WebMD’s Bad Bugs Slideshow

We know that bugs are gross and unsanitary but did you also know that they can be bad for our health.  WebMD discusses some of the worst bugs and the potential harm they can do to our health:

  • Ticks –Lyme disease, Rocky Mountain spotted fever, and allergic reactions.
  • Black Widow Spiders – Poisonous.
  • Brown Recluse Spiders – Poisonous, can cause serious wounds, infection, and in some cases can be deadly.
  • Head Lice – Itchiness can lead to infection, loss of hair.
  • Fleas – Itchiness can lead to infection.
  • Bee, Wasp, Hornet, Yellow Jacket – Painful sting, and can cause allergic reaction.
  • Fire Ants – Painful sting, venomous, red bumps that burn and itch, and can cause allergic reaction.
  • Chiggers – Itchy red welts.
  • Scabies – Itchiness, sores.
  • Bedbugs – Itchy, red bumps,  can develop infection from scratching, and can cause allergic reaction.
  • Puss Caterpillar – Poisonous, painful sting, rash, fever, vomiting, and muscle cramps.
  • Scorpions – Poisonous, painful, and can be deadly.
  • Deerflies – Infection, and Tularemia.
  • Mosquitoes – West Nile virus, dengue fever, other diseases, and scratching can cause skin infection.
  • Houseflies – Carries more than 1 million bacteria, intestinal infections by contaminating food.
  • Cockroaches – Salmonella and other diseases, dead carcasses can trigger allergic reactions and asthma.

Tips to prevent feeling the sting of these health issues:

  • Make sure your home is treated by a professional exterminator.  A professional can diagnose current problems, and prevent new issues from coming into your home efficiently and effectively.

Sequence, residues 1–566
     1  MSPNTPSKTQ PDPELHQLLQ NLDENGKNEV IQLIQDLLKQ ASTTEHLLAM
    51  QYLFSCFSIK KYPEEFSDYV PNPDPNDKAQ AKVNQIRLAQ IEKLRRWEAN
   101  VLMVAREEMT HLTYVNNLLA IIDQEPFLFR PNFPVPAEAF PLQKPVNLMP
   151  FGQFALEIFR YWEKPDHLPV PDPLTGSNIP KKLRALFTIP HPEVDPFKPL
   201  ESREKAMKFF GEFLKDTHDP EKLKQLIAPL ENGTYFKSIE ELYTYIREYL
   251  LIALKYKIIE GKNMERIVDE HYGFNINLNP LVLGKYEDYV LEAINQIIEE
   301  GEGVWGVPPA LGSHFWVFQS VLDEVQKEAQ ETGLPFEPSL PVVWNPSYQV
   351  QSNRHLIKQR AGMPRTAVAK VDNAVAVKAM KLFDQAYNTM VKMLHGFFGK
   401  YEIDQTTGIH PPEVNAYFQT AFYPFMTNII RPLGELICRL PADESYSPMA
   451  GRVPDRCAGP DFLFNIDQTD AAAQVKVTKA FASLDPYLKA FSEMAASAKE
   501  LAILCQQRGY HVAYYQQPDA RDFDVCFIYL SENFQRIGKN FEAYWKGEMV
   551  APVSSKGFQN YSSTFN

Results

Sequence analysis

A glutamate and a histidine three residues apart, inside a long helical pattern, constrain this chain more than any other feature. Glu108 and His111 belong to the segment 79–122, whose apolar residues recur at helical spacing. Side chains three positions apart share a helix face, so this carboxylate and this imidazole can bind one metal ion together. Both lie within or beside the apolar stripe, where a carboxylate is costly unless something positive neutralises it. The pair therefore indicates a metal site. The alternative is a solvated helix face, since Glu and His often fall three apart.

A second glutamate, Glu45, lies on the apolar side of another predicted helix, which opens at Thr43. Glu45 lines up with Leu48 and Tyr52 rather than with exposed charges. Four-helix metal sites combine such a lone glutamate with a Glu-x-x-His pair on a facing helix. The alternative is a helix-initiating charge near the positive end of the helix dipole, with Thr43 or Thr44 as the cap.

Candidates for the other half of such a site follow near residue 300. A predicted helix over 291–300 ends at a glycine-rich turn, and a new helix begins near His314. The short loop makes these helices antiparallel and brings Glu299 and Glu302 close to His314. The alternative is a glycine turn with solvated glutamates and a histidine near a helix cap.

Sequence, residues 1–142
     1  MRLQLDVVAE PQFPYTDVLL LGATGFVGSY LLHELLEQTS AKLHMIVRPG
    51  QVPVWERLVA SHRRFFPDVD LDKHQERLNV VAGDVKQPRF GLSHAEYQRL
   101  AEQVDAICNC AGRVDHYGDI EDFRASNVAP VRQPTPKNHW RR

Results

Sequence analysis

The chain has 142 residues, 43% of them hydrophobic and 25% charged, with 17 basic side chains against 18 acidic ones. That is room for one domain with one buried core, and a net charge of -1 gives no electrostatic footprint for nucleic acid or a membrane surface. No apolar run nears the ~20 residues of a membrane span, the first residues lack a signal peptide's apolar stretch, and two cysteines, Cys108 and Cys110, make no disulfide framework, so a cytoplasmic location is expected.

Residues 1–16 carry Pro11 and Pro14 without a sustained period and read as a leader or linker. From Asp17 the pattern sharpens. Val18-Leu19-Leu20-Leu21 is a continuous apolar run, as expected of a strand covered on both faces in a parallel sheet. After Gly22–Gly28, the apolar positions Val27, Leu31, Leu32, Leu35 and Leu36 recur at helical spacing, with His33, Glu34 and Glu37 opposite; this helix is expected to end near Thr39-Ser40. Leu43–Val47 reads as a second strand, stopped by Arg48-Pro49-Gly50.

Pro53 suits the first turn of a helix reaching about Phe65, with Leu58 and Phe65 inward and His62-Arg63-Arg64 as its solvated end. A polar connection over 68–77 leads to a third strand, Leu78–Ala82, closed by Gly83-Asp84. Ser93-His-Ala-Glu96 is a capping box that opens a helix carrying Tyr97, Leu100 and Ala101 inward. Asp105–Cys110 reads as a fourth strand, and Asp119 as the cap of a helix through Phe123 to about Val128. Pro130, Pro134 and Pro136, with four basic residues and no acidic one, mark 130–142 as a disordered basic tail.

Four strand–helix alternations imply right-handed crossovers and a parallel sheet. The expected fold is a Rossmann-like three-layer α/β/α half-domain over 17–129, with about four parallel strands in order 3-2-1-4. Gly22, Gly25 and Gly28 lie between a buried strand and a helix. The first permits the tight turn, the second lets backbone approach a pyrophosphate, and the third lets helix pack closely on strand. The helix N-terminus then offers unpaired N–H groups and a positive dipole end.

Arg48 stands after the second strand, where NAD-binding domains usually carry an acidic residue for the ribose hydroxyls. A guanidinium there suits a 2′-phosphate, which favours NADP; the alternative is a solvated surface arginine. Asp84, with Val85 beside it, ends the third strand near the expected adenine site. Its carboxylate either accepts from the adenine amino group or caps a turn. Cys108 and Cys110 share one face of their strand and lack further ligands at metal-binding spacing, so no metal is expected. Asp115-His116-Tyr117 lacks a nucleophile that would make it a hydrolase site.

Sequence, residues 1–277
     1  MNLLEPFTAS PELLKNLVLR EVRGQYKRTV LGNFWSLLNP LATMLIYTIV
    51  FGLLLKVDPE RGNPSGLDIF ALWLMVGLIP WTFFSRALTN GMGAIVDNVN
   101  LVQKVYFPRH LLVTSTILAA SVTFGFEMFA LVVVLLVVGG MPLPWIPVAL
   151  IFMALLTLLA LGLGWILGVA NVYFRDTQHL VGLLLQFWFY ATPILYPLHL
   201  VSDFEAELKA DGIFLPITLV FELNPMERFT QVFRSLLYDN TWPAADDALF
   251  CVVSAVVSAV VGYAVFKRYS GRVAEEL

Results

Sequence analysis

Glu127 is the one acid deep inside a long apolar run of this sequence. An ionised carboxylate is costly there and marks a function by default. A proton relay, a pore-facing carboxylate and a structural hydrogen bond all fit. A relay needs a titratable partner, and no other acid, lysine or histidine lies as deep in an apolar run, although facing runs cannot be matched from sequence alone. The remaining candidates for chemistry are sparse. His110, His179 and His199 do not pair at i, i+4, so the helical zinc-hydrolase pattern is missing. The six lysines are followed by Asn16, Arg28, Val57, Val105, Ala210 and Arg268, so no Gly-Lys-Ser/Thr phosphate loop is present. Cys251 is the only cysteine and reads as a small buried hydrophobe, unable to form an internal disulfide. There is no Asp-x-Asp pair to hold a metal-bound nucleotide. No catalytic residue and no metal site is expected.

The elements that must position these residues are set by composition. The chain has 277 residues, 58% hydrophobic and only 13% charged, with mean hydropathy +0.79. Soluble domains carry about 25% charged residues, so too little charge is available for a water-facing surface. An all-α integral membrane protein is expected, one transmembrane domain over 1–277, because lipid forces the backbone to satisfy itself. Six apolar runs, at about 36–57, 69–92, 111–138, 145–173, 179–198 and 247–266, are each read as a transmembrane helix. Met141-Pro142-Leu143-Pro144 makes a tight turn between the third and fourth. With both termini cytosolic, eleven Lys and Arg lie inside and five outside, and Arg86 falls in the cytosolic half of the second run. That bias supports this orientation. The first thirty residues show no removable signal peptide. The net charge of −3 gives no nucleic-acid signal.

• Wear long clothing when outdoors.
  • Wear DEET repellant when outdoors.
  • Keep a clean, sanitary home and yard.  This will prevent insects from seeing your home as a place for them to call home.

For more information on these insects and their health hazards, visit WebMD: Bad Bugs Slideshow: Identifying Bugs and Their Bites.

 If you think you may have been bitten or stung by any of the insects above, please take note of  your body’s reaction and seek medical assistance immediately.

 

 

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Preventing Head Lice

With kids being settled back into the school year, September is the perfect time of year for Head Lice Prevention Month.  Here are some tips on how to keep head lice from bugging your household:

  • Avoid sharing clothing or other belongings that might have come in contact with lice or nits (lice eggs).
  • Avoid head-to-head contact.
  • Do not share hats, brushes, combs, hair accessories, helmets, coats, or other pieces that come in contact with someone’s hair.
  • To disinfect combs, brushes, or towels that have come in contact with lice, soak them in hot water for 5-10 minutes.
  • Avoid laying on linens, pillows, or carpets where someone with lice has recently been.
  • Wash and dry clothing, linens, or towels that have come into contact with someone infected with lice during the 2 days prior to treatment.  Wash and dry on the highest heat.
  • Vacuum carpet and furniture where a person with lice has recently come in contact.

Using the simple tips above can help prevent the spread of lice from one household to another.  For more information on preventing head lice visit the CDC’s website.

Other useful blogs about head lice:

September is Head Lice Prevention Month
School Has Started…So Has Lice